Celebrated ‘Wild Things’ creator dies aged 83
Children’s author Maurice Sendak has died of a stroke. His dark, surreal stories and beautiful illustrations were adored by young and old – but they were more than just playful fantasies.
Before 1963 most children’s books were populated by sweet, obedient boys and girls. The evils they triumphed over were petty and unthreatening; the lessons they learned were easy and complete.
Then along came Where the Wild Things Are. Its hero Max is rude and aggressive. Its cast of savage, oversized monsters were a weird mixture of daydream and nightmare. It is a strange fantasy about a child’s dark and turbulent emotional world – and it changed children’s fiction forever.
Maurice Sendak, the author and illustrator of Where the Wild Things Are, died yesterday at the age of 83. He had never expected to live so long: during his sickly childhood, Sendak’s parents made no secret of the fact that they constantly feared his death.
Illness was not all that troubled Sendak’s youth. Growing up as an immigrant Jew in 1930s New York, he witnessed the effects of the Holocaust from afar. On the day of his Bar Mitzvah, Sendak’s father discovered that his European relatives had vanished into Nazi concentration camps. Then there was his sexuality: he was gay, and desperate not to be.
Sendak’s disturbed childhood seeped unmistakably into his books. In one a child is kidnapped; another is a retelling of the Holocaust. ‘I refuse to lie to children,’ Sendak defiantly said. As one of his books concludes: ‘nothing ever turns out neatly, bullies don’t give up completely.’
It was an attitude that won him enemies as well as adoration. ‘These are not books you leave in the presence of sensitive children,’ one librarian said. In The Night Kitchen, his second most famous work, became one of America’s banned books – critics reacted furiously the young hero’s nudity.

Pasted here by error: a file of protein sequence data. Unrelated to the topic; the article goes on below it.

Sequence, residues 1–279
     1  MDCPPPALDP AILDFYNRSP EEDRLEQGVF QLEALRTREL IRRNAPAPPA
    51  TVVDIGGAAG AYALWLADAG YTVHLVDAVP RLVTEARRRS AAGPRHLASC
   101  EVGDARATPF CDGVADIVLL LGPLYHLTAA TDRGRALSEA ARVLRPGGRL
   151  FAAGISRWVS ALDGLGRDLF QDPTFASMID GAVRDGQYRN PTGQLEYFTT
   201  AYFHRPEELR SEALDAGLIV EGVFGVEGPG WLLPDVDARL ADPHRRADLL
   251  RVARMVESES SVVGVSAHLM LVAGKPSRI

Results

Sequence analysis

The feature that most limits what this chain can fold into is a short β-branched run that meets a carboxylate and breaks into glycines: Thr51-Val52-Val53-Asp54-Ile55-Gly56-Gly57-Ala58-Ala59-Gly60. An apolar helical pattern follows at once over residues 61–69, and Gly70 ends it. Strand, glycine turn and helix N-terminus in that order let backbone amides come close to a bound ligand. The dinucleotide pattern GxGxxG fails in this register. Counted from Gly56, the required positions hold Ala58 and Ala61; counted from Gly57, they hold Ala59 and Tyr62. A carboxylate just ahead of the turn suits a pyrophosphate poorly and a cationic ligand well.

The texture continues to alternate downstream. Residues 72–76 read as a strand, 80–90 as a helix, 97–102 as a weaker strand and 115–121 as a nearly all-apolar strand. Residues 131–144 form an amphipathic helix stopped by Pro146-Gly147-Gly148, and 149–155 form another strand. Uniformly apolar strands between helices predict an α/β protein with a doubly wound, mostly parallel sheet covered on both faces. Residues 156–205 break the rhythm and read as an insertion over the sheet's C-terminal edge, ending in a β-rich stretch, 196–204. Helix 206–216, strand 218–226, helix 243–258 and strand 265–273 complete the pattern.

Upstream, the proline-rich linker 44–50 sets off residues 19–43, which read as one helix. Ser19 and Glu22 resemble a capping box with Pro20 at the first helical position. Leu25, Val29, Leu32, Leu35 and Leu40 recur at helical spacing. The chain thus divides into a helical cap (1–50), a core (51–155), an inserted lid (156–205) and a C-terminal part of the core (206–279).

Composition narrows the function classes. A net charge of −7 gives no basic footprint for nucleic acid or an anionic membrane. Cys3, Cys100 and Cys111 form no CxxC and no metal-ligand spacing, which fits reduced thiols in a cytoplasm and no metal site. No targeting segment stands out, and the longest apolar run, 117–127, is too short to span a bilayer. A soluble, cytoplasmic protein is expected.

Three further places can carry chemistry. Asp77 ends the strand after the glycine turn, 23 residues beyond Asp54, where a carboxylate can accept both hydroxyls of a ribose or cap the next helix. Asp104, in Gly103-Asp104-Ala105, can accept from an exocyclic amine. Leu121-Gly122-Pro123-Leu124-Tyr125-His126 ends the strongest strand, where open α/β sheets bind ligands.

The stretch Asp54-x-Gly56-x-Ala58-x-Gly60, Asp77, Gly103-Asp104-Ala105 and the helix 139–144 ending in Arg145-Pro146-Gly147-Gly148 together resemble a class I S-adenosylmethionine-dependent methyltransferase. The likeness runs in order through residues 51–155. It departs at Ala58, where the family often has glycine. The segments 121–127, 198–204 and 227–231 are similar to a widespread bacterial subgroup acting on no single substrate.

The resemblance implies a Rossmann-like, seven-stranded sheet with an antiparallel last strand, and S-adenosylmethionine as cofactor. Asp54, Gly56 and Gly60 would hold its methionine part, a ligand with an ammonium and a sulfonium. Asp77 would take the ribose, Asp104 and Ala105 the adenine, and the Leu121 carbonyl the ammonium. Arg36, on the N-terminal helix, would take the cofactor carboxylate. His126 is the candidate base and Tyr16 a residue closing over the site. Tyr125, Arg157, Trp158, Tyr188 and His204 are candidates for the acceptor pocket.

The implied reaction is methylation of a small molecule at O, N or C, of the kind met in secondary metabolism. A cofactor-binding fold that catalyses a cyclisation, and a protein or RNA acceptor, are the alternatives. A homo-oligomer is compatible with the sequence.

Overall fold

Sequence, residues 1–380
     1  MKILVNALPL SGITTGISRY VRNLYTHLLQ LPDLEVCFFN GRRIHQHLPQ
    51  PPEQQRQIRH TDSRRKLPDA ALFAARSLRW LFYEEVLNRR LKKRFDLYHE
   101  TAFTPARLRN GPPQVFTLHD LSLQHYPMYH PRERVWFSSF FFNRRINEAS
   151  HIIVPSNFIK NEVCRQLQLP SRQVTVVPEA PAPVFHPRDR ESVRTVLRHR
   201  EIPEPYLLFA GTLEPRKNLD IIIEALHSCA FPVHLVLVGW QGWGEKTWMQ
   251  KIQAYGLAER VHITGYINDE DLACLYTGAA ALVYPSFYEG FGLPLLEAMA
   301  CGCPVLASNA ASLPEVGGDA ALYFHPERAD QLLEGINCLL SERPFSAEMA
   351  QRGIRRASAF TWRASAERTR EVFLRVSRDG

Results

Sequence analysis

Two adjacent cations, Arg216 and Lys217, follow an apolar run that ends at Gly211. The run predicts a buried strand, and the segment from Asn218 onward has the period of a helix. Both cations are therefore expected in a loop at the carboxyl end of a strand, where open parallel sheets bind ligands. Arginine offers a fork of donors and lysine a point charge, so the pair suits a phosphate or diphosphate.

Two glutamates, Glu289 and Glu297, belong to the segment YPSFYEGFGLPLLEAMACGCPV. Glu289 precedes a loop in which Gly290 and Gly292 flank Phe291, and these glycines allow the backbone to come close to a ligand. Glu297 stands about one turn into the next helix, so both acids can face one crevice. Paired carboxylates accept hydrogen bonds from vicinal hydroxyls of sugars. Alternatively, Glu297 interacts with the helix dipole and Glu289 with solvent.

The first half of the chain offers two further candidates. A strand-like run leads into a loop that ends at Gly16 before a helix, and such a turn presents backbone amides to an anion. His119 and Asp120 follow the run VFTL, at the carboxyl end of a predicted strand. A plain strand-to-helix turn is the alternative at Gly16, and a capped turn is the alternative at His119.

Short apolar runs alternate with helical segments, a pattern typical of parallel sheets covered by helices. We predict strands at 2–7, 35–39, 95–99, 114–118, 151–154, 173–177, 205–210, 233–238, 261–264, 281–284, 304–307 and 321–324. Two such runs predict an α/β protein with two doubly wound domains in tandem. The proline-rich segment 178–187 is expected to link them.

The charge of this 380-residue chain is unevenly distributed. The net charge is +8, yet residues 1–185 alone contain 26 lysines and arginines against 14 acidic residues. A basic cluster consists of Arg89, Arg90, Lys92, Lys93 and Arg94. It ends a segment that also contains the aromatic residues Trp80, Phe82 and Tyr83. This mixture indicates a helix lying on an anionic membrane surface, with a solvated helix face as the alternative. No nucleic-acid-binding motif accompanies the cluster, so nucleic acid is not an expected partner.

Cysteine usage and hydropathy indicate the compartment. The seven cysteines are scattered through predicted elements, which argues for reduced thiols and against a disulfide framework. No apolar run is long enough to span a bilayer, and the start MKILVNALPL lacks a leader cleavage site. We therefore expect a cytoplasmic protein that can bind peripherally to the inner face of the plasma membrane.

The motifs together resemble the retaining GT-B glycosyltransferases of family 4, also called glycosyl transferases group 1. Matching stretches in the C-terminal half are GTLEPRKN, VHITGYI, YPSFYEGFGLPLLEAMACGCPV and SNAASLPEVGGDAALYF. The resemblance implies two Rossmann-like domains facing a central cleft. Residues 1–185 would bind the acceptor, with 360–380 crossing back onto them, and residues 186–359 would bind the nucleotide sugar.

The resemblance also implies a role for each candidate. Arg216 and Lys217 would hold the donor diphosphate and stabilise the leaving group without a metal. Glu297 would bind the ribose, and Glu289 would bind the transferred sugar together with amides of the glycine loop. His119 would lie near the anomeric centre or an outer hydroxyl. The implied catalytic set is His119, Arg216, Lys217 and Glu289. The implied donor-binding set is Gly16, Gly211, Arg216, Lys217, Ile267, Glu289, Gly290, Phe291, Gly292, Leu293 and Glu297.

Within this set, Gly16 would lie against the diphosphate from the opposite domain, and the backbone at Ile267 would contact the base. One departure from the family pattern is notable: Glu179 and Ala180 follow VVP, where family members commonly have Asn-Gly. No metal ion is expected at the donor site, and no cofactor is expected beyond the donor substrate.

His writing was based on the realisation that children do not live in comfort and innocence: they can be wild, scared and aware of bad things in the world.
But it was not all doom and gloom: he appealed to children’s fantasies as well as their fears. ‘Dear Mr. Sendak,’ one child wrote. ‘How much does it cost to get to where the wild things are? If it’s not expensive, my sister and I would like to spend the summer there.’
Sure Maurice Sendak was good, say sceptics – for a children’s writer. But what a pity he never wrote for adults! Children have simple desires, short attention spans and only a murky understanding of the world. Kids' books can be loveable, they say; but with such a limited audience, they can never be great.
‘Nonsense!’ say fans: adults with these snobbish attitudes are more ‘limited’ than any child. Children feel things more powerfully than anyone, and their imaginations are just as vivid. If only adults were as in touch with their own emotions, they say, perhaps the literature they read would be as brave and unusual as Sendak’s.
- What is your favourite children’s book or film? Would you rate it as highly as great art for adults?
- Are children more imaginative than adults?
- Draw the design for a character in an illustrated children’s book – make them as distinctive as possible!
- Write a serious analysis of any children’s book. Think about its themes, symbolism, what it says about childhood and the worldview of its author.
Some People Say...
“Children ought to be protected from the harsh realities of the world.”
What do you think?
Q & A
- I’ve never read anything by Maurice Sendak – did he write anything for older audiences?
- Sendak denied that he had ever written books ‘for children’: he simply wrote about what he had felt as a child. It’s certainly not too late to read books likeWhere The Wild Things Are, Outside, Over There or Brundibar.
- Were children’s books really so dull before Sendak?
- Well, notall of them. In fact the list of great adult writers who have written for children is astonishing: Virginia Woolf, T.S. Eliot, Mark Twain, James Joyce. Some rate Oscar Wilde’s children’s books as his best work. But many of these went unpublished, and none caused as much of a sensation as Sendak.
- Immigrant Jew
- Many European Jews fled to New York from the 1880s onward to escape discrimination and persecution in Europe. They started out poor, but good education and a culture of hard work quickly made many of them wealthy – although they certainly didn’t escape prejudice entirely. Today New York has over a million Jews, more than any other city outside Israel.
- Desperate not to be
- In the 1930s, few people or countries were tolerant of homosexuality. Many gay people felt miserable, ashamed and afraid of being discovered. Maurice Sendak never allowed his parents to know the truth. ‘All I wanted to be was straight, so my parents could be happy,’ he said.
- Banned books
- Like almost every country, the USA frequently banned books until the mid-20th Century. Since then it has been more difficult; but campaigns still routinely lead to books being banned from schools and public libraries. Regular victims include classics like Huckleberry Finn, Of Mice and Men and Catcher in the Rye. Even the dictionary has been banned.